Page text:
# Create a list with random values in R

In this article, we are going to see how to create a list with random values in R programming language.

The list can store data of multiple data type. A List can store multiple R objects like different types of atomic vectors such as character, numeric, logical. We can create a list using list() function. We need to pass vector(s) as parameters.

Syntax :list_variable = list( vector 1,vector 2, . . . . , vector n )

We can generate random values using the sample function:

Syntax :sample( vector , size=value , replace=T or F , prob=c(probability values for the vector) )Note : Here prob is not mandatory to pass . prob refers the probability of values to be repeated .

**Example 1: With replace as FALSE**

## R

`# creating a list with sample function` `lst1 = ` `list` `(` `sample` `(1 : 10, size = 10, replace = F))` `# printing the list variable` `print` `(lst1)` |

**Output :**

[[1]] [1] 7 4 9 1 2 3 10 6 8 5

**Explanation : **

- In the first step, we have created a list using the sample function for generating random values.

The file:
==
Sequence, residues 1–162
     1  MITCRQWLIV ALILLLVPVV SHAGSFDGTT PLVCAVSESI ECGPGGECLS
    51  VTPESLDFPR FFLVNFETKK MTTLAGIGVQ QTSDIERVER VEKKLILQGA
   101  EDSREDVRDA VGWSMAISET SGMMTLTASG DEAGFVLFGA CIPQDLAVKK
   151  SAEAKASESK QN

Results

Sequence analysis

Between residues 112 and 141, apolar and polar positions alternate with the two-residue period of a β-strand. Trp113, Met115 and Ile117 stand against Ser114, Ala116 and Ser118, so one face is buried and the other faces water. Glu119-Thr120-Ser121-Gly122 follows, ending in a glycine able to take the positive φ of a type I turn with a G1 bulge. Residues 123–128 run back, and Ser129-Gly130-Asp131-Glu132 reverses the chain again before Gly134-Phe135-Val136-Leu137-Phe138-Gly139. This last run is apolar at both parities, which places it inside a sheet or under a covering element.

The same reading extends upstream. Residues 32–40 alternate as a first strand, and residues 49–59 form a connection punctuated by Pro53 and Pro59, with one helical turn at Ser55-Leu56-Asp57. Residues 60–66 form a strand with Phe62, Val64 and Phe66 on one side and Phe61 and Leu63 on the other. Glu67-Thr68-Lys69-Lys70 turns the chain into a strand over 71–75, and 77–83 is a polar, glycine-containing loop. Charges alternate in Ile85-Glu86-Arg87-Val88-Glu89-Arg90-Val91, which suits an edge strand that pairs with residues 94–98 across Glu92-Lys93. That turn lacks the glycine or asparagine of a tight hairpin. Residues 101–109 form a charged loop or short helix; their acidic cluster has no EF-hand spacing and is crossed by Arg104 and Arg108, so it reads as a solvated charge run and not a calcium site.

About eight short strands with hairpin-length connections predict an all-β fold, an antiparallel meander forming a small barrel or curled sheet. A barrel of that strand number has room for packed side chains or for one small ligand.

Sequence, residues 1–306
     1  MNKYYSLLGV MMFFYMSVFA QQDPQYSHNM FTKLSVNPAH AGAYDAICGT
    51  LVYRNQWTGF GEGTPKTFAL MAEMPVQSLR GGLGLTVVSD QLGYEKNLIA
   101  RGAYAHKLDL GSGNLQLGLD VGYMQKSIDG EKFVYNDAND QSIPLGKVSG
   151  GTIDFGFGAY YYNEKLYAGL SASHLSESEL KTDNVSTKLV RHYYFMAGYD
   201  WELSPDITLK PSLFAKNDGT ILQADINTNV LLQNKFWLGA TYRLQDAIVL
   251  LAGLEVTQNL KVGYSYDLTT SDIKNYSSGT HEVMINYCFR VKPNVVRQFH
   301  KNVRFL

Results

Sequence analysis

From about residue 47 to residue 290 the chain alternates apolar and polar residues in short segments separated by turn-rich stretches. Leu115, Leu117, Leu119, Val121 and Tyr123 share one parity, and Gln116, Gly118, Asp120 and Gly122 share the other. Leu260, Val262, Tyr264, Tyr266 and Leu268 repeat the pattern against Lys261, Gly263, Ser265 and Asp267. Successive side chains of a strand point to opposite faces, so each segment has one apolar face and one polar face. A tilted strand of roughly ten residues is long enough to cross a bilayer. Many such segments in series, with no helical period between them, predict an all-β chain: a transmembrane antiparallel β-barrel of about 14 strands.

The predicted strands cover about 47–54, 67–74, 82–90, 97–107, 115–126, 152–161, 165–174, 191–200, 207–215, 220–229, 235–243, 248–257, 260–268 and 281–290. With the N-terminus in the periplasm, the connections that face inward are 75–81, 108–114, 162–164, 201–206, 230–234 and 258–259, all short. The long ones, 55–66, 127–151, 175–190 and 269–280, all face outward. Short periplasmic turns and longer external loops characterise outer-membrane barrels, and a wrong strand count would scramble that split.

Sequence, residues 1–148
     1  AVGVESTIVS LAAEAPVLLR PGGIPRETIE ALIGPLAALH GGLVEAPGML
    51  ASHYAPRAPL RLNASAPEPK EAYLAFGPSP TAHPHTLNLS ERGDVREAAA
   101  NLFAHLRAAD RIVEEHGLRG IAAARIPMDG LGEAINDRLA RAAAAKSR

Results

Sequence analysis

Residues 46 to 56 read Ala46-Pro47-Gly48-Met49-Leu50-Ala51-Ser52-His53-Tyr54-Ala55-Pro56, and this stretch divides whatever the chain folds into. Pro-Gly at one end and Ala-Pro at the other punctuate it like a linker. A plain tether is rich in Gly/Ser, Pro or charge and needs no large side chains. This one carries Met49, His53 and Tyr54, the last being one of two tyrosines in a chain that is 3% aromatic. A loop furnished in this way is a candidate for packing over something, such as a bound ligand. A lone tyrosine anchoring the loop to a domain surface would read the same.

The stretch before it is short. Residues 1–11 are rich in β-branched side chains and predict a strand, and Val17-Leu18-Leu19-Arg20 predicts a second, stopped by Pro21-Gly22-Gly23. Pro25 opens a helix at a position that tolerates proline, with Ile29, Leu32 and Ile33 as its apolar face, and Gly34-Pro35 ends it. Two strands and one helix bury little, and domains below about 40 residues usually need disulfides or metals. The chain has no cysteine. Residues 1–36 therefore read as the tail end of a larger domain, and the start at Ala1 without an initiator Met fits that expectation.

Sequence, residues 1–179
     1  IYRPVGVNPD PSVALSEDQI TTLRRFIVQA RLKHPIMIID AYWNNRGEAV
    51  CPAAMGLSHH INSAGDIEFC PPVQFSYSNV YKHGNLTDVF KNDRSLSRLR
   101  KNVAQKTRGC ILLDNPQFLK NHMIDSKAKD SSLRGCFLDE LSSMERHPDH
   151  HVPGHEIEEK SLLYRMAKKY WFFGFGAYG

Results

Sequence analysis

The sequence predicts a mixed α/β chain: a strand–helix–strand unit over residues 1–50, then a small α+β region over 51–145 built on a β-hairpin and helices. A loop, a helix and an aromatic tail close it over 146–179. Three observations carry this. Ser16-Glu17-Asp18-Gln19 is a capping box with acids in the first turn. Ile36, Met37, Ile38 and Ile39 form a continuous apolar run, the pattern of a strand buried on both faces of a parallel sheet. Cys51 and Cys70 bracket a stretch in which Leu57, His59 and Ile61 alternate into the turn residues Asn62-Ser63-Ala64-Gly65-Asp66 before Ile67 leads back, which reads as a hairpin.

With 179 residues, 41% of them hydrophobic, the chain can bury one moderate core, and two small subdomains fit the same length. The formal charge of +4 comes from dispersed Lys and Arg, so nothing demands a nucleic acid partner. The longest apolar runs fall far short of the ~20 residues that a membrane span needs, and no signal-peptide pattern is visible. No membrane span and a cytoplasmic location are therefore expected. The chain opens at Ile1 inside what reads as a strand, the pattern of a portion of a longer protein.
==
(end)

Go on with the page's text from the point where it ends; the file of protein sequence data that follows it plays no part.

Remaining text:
- In the sample function, we have taken vectors with 1 to 10 values as the first parameter.
- As the second parameter, we have taken size=10. Since we have taken size=10 it will generate 10 random values from the vector
- As the third parameter, we have taken replace=F. So, no value will be repeated.
- Finally, printing the list variable.

**Example 2:** **With replace as TRUE**

The main point here to remember is if we want to assign replace=FALSE, size is always less than or equal to vector size, otherwise, execution will be halted.

## R

`# creating a list with sample function` `lst1 = ` `list` `(` `sample` `(1 : 10, size = 15, replace = T))` `# printing the list variable` `print` `(lst1)` |

**Output :**

[[1]] [1] 1 7 8 7 10 2 3 7 8 1 9 7 9 1 1

**Example 3: With prob attribute **

## R

`# creating a list with sample function` `lst1 = ` `list` `(` `sample` `(1 : 5, size = 15,` ` ` `replace = T,` ` ` `prob = ` `c` `(0.02, 0.2, 0.25, 0.5, 0.9)))` `# printing the list variable` `print` `(lst1)` |

**Output :**

[[1]] [1] 3 3 5 5 5 4 4 4 3 5 4 4 3 2 5

**Code explanation :**

- In the fourth parameter, we have taken the prob attribute and assigned some probabilities for the vector values. The first value in the prob represents the probability for the first value of the vector. likewise v1=> p1 , v2 => p2. . . . . . vn => pn . Here v represents vector and p represents prob.
- In the output, we can observe that 1 is not there. Because we have given probability as 0.02 . Due to less probability, it is not generated by the r interpreter. Other than 1 all the values are generated and repeated since they have a greater probability as compared to 1.